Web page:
Hey there, time traveller!
This article was published 15/9/2007 (3330 days ago), so information in it may no longer be current.
RACISM is the elephant in the room in any discussion about Manitoba's child welfare system.
You can't look around it. You can't ignore it. You can't pretend it's not there.
And you can't call into question the devolution process without being accused of overt racism. It's a nifty way of shutting down questions about the efficacy of a child welfare shift that transferred files, social workers and children, often without proper training or accountability, across Manitoba.
The process started when the late Justice Edwin Kimmelman referred to the practice of sending aboriginal children to non-native homes for adoption as "cultural genocide."
Those two words would be used as justification for causing chaos in a system sworn to protect children, warehousing kids in hotel rooms and emergency shelters in lieu of the licensed foster homes of non-aboriginals, and transferring traumatized children back to family members who were sometimes ill-equipped to deal with their needs.
Gage Guimond died this year after being removed from a loving foster home and placed with a great-aunt. She has been charged with manslaughter in the two-year-old's death. Phoenix Sinclair died after being returned to her mother and stepfather, who now face charges for her death.
They're only two of Manitoba's dead children in care.
The issue has the ugliness of a street fight for those who stand on opposite sides of the debate. Is returning children to their birth families always better than sending them to a nurturing, non-aboriginal family?
In an interview with Free Press reporter Mia Rabson, Elsie Flette, CEO of the Southern First Nations Child and Family Services Authority, said the aboriginal community firmly believes the best place for a child is with its own family.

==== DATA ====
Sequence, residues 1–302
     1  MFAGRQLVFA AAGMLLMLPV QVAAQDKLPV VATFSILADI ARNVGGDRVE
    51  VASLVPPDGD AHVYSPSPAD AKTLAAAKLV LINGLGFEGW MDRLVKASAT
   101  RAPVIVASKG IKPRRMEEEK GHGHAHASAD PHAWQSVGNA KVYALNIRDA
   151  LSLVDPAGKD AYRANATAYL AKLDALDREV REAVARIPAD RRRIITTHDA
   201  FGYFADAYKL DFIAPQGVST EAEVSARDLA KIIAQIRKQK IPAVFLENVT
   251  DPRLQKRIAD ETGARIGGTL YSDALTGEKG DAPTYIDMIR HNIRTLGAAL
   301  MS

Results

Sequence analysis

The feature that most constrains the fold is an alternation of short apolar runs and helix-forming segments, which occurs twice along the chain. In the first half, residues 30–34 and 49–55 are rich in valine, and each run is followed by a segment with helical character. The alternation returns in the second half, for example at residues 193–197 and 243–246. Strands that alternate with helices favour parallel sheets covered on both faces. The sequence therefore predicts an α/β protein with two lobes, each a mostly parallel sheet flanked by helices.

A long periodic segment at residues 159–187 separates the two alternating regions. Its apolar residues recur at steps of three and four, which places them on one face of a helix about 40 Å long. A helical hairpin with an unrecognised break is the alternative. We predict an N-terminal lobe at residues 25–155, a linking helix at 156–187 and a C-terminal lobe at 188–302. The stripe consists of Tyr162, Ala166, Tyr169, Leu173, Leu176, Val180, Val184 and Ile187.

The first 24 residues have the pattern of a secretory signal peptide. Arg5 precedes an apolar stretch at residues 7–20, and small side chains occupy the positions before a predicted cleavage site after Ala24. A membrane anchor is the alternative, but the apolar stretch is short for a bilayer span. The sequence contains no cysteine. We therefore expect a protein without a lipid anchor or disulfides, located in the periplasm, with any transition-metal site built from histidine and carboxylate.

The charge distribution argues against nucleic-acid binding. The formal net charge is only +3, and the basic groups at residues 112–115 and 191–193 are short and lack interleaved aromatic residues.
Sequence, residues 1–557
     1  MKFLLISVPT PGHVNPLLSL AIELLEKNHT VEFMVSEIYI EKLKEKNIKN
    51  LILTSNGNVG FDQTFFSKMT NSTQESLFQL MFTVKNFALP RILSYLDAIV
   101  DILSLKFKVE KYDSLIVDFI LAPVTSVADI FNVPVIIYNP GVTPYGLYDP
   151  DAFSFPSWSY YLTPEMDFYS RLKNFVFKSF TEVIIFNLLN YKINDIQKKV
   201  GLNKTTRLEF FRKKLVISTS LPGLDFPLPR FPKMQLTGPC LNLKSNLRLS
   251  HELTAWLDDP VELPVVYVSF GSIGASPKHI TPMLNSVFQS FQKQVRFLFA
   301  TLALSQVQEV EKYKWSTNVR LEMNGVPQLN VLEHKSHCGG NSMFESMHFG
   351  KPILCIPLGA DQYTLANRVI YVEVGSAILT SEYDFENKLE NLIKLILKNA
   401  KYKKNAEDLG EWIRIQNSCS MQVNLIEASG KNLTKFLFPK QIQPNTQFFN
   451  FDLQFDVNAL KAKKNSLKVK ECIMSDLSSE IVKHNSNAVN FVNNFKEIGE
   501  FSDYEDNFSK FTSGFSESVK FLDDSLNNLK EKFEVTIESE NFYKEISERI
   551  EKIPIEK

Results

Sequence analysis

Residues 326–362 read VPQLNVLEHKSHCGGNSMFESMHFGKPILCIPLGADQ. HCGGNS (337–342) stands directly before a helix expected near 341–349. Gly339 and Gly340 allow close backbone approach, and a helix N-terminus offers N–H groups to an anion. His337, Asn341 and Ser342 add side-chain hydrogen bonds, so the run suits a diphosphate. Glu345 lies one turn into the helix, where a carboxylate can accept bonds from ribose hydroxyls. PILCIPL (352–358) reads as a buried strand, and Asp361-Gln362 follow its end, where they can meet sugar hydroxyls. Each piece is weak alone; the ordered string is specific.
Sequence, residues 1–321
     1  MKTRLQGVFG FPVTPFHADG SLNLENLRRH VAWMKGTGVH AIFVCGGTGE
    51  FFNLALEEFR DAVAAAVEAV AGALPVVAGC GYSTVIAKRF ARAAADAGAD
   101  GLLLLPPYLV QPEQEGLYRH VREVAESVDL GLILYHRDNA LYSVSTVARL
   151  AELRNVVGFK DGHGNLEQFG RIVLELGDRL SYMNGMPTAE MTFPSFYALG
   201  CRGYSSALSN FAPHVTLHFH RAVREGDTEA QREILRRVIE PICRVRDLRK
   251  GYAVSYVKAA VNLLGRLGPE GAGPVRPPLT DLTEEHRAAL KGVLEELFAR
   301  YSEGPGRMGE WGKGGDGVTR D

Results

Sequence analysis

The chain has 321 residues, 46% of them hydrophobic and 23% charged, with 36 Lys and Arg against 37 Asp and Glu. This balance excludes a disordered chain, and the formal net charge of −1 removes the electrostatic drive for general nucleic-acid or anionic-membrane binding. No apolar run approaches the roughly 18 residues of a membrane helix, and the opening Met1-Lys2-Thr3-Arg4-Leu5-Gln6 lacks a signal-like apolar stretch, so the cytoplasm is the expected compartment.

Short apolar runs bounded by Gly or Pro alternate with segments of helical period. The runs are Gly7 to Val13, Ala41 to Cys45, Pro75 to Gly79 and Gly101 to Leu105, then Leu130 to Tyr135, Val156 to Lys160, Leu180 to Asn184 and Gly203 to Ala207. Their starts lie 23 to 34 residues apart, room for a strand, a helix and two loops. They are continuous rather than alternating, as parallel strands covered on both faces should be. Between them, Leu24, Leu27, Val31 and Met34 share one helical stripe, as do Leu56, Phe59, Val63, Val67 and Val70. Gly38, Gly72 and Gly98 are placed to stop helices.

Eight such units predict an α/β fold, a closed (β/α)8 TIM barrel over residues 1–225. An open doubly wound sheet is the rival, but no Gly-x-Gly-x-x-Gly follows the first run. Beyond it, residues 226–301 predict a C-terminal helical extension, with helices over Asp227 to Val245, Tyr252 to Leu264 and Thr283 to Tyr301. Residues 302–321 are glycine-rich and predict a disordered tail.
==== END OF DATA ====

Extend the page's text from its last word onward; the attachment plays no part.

"We make no apologies for that," she said. She sighed when asked if devolution places race over child welfare.
"To me there is an underlying piece out there about aboriginal people shouldn't be doing this," she said. "The onus is always on us to prove (we can). The attitude is out there that because aboriginal people are now doing this somehow the system has less quality."
Peter Markesteyn, Manitoba's former chief medical examiner, takes a different approach. Now a consulting forensic pathologist, he bases his comments on the deaths of Manitoba children in care, notably Gage Guimond and Sophia Schmidt.
"The cultural stuff is important," he says, "but people can survive without the culture. Everything being the same, it's valuable. But the safety of the child, their economic welfare, their psychological welfare, that's more important. If you are well looked after, it is possible to catch up on culture. It's not so easy to catch up on neglect."
Nahanni Fontaine, justice co-ordinator for the Southern Chiefs Organization, flatly rejects that line of thinking.
"There are aboriginal children that are being placed with aboriginal families and they are thriving," Fontaine says, insisting many of the problems in the system are the result of aboriginal women being marginalized. "People are critical because children are placed with family members they may not know. Why is it OK to place them with strangers, then?"
She admits the aboriginal agencies have had "growing pains."
"I think devolution is a good thing," she says. "There's been generation after generation where we haven't been in charge of our own destiny."
Perhaps the most moderate comment came from a close friend of the Guimond children's foster family.
"Aboriginal is not the issue," she said. "Birth control is not the issue. The system is the issue."
It would be unfair not to mention that racist attitudes are openly expressed in discussions of the child welfare system in our province. Rants about "those people" came up frequently in the three months Rabson and I spent researching this series.
We unearthed several essential truths in that time.
That racism is the elephant in the room is just one. That children are being sacrificed for political gain is another. Perhaps most chilling is that more children will die in care until their needs are placed ahead of the battles of adults, all of them convinced they know what's best, despite much evidence to the contrary.
Here are some more children who have died violently in recent years while under the care of the child
On January 12, 2005, two-year-old Heaven Traverse was rushed from her foster home on the Peguis First Nation to the hospital in Fisher Branch suffering from head injuries. She was transferred to Children's Hospital in Winnipeg and lay in a coma for two days.